What Are the Benefits of SSADM?
SSADM, or Structured Systems Analysis and Design Method, is a sophisticated approach to the analysis and design of information systems. An information system is the combined working of people and specific set of hardware and software for the purpose of enhancing the operation of an organisation.
SSADM is like an instructional manual of step-by-step guidelines the analyst can follow. SSADM guides analysts through the process of developing information systems for an organisation.
SSADM has detailed rules and guidelines that lead the analyst from one suggestion to another regarding the proposed information system. Following the SSADM rules and guidelines, an analyst may have to examine documentations related to the proposed information system. He may also have to interview the people who are to make use of the information system about what they require for the system. Thus SSADM makes the analyst consider many vital details related to the proposed information system.
A logical and coherent presentation of what the designer requires for the design of the information system will make the designer's work easier. SSADM leads the analyst to set out such a logical presentation. Due to its logical system, SSADM emphasises information analysis and includes such techniques as data flow program. Information analysis is the process of a thorough analysis of alternative sources of information; organisations need to include information analysis in their information systems because it will oblige them always consider alternative means of getting desired information. A data flow program, on the other hand, represents the flow of information within the information system and between the system and its environment (i.e., individuals and groups with whom the organisation shares or exchanges information).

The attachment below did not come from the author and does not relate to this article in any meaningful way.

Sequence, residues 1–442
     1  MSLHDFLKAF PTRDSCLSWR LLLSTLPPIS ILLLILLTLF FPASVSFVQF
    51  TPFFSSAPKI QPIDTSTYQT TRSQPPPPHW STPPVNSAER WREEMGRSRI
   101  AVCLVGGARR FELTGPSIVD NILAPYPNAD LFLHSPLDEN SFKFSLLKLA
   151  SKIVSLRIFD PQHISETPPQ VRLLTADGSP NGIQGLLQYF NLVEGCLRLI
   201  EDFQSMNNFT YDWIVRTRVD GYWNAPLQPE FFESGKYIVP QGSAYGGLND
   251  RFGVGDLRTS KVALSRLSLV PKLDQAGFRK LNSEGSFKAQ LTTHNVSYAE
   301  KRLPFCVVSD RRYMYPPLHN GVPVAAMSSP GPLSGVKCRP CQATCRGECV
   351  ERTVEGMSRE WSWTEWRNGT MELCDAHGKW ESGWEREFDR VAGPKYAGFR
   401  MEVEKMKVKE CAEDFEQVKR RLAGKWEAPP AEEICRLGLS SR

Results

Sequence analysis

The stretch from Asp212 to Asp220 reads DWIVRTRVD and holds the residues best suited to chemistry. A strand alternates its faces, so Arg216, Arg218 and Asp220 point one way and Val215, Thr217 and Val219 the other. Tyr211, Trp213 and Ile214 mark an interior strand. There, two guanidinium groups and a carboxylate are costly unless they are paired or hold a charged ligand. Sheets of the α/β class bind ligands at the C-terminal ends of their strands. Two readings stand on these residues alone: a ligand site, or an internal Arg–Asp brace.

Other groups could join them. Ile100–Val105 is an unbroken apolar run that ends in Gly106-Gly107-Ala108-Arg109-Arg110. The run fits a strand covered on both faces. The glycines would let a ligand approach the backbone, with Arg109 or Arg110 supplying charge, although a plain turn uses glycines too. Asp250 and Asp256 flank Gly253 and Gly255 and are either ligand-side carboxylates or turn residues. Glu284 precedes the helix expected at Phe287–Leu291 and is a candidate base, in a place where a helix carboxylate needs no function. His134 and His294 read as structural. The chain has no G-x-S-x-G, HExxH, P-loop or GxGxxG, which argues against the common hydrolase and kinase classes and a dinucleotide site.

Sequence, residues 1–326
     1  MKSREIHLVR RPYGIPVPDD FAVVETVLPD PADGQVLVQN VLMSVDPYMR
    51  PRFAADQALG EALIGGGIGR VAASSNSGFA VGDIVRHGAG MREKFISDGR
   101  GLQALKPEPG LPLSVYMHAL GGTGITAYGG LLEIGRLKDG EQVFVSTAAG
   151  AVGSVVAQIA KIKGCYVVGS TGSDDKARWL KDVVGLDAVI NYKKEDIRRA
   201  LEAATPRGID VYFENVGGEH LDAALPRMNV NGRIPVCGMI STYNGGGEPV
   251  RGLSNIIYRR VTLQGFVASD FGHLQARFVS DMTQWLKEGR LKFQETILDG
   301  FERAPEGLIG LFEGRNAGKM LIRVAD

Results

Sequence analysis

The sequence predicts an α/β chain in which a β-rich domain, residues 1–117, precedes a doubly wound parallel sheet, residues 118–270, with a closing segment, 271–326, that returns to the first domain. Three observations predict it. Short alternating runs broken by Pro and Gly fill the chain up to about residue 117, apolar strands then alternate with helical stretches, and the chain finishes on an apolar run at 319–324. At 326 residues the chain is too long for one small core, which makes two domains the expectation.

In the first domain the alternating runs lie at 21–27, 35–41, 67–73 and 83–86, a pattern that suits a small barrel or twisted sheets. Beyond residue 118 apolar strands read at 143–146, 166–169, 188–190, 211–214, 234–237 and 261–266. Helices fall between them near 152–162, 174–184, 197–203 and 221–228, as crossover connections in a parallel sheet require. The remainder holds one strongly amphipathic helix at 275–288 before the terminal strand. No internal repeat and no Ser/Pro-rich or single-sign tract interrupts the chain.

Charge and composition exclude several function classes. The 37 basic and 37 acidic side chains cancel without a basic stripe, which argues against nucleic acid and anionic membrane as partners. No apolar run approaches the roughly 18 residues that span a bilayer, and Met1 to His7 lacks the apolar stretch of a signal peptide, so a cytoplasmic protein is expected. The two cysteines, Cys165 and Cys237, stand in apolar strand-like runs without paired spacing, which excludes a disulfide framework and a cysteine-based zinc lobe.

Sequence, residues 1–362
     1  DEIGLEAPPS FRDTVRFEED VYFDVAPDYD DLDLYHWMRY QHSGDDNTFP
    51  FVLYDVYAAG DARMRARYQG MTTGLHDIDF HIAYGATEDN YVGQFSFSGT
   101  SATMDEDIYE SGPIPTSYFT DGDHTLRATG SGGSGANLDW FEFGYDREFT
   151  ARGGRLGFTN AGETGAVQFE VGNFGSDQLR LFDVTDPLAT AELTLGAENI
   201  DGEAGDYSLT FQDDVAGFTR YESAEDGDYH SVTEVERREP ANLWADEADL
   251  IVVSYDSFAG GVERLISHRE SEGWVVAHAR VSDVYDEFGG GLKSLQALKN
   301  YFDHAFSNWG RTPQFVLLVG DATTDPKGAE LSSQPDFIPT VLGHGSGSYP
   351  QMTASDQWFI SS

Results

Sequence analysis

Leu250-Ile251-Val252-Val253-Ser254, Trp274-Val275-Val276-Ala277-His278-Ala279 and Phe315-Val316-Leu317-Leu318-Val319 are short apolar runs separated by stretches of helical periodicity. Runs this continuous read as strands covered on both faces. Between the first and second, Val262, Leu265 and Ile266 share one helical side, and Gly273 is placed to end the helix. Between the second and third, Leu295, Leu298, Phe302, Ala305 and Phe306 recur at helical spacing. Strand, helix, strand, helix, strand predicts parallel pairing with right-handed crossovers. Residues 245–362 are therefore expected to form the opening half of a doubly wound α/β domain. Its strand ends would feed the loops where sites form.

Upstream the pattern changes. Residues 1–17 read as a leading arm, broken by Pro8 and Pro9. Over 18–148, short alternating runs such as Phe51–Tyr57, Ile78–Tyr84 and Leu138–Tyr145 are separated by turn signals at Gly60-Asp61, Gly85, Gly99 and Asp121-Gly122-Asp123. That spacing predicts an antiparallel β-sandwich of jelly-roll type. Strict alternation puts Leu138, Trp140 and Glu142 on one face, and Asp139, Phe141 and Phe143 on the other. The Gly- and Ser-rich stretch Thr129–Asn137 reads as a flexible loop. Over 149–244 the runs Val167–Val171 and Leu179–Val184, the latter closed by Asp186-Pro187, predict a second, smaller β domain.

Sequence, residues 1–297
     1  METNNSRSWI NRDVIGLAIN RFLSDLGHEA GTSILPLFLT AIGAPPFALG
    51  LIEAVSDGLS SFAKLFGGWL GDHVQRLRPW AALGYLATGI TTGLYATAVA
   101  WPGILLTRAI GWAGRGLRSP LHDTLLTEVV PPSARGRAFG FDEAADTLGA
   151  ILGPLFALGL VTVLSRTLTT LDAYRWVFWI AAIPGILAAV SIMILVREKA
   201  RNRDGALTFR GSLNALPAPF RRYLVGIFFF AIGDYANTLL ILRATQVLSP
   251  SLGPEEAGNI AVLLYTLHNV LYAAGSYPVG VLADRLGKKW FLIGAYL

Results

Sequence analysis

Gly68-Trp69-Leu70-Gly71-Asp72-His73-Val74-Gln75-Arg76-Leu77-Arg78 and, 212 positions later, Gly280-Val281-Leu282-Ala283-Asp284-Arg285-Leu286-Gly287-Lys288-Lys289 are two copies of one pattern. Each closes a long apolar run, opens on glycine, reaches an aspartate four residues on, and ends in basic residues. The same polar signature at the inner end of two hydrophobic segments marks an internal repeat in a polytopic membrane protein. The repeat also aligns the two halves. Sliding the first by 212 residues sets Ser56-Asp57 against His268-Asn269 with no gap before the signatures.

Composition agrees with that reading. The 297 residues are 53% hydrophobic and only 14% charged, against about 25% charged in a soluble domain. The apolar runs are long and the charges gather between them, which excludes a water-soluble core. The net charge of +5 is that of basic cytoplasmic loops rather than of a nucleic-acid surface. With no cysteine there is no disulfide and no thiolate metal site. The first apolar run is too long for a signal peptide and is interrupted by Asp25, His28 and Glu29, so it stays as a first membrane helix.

Taken together, the seven stages of the SSADM form a set of practical prescriptions that take real conditions and challenges into consideration. They allow the designer to think realistically about the proposed information system. Some of these seven stages are feasibility study (the first stage) and study existing system (the second). Feasibility study asks the designer to consider if the proposed information system is realisable. Study existing system asks her to review existing systems, if there are any, before designing a new one; this will ensure that all proposed changes to the old system are necessary and useful.
- University of Glamorgan: Introduction to Methodologies and SSADM
- "Information Systems Development: Advances in Theory, Practice and Education";Olegas Vasilecas; 2005
- "Managing Information and Statistics;" Roland Bee, Frances Bee; 1999
- "Systems for Planning and Control in Manufacturing: Systems and Management for Competitive Manufacture"; David K. Harrison, David J. Petty; 2002